USC announced Sept. 14 via a mass email to students and faculty that online-only instruction will continue through the fall semester, leaving students and faculty to wonder if an in-person spring semester remains possible.
The university petitioned for limited on-campus activity but admitted they were not hopeful that their request would be approved, according to the email. All on and off-campus events remain prohibited and most access to indoor spaces on campus is still restricted. On-campus housing remains open only to those with no other housing alternatives.
“While disappointing, we are fully committed to protecting the health and safety of our community and will follow the public health guidelines as a matter of obligation and with appreciation for the underlying science driving these decisions,” USC President Carol Folt said in the email. The email said the administration will continue to update students as the spring semester approaches.
Howard Greenwald, professor of health and public policy, said he believes in-person learning will not return in the spring semester.
“There’s certainly not going to be a full restoration of face-to-face teaching in the spring. I don’t see how it could be justified,” said Greenwald. “But people want face-to-face instruction, and they’re paying for it. So there will be pressure to open up that means of providing the education that people deserve and expect.”
Dr. Sarah Van Orman, chief health officer of USC Student Health, said the health protocols in place at USC will see little change in the spring.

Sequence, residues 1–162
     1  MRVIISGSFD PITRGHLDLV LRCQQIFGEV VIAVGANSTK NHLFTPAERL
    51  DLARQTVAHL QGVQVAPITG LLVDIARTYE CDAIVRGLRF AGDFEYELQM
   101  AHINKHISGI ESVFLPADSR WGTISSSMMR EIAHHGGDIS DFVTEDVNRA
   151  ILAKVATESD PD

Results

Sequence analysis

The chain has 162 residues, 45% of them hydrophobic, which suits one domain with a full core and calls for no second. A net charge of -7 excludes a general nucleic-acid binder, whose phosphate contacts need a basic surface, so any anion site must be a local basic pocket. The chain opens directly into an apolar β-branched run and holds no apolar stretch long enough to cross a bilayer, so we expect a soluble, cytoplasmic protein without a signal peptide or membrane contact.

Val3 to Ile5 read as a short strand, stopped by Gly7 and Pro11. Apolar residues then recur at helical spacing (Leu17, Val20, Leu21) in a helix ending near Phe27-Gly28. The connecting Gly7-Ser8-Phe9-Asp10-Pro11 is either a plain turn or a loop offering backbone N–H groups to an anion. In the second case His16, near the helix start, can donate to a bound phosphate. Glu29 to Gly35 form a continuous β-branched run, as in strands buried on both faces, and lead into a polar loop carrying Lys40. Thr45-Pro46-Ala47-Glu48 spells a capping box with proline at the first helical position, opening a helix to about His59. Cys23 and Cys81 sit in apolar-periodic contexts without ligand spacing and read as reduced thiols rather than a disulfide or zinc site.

“We feel that we have an obligation to continue to protect students to the degree that we can, whether they’re living on campus or off,” Van Orman told Annenberg Media during a Zoom interview.
Van Orman said the Los Angeles County Department of Public Health remains most concerned about the ability of young people with minimal symptoms to rapidly spread COVID-19 in neighboring communities.
“I think what we’ve seen both at USC, as well as at institutions across the country, is that when we have high levels of disease in the community, like we still have in L.A., when institutions come back in person, it’s explosive growth,” said Van Orman. “It’s explosive growth that impacts getting not only those students, but it also impacts the community in which that university sits.”
Sophia Clements, a sophomore majoring in astronautical engineering, said the online learning environment has greatly affected lecture dynamics, making learning harder overall.
“A lot of people are discouraged from asking the questions that they would,” said Clements. “And then it’s harder to understand the material that we need to know to build off within the future.”
For Alyssa Delarosa, a junior transfer student, the announcement of an online fall semester came as no shock, though she said the Zoom semester is far from ideal.
“[Professors are] struggling. And because they’re struggling, it kind of trickles downwards to where we struggle as well,” said Delarosa. “So it’s definitely not ideal that we’re in this situation. But at this point, we don’t have any other choice.”
Despite a fall semester full of technical difficulties, Delarosa has already decided to accept that the spring semester will likely be remote.
“I have already made up my mind that spring is going to be remote,” said the psychology major. “I really doubt that we’re going to be back as a student body in the spring.”
While Van Orman acknowledged the effort students put into distance learning, she stressed that those in public health know the importance of in-person learning.
“We are really committed as a university to push forward with an in-person or a hybrid spring. That’s our goal,” said Van Orman. “But we also know that ultimately what happens in the spring depends on local public health conditions.”
While Clements said she’s discouraged by some universities announcing they will remain online next semester, such as all 23 campuses in the California State University system, she hopes USC will welcome students back in the spring.
“I’m really hoping that we can get back into a classroom soon,” said Clements. “I feel like socially and mentally and even physically, a lot of students are just getting exhausted.”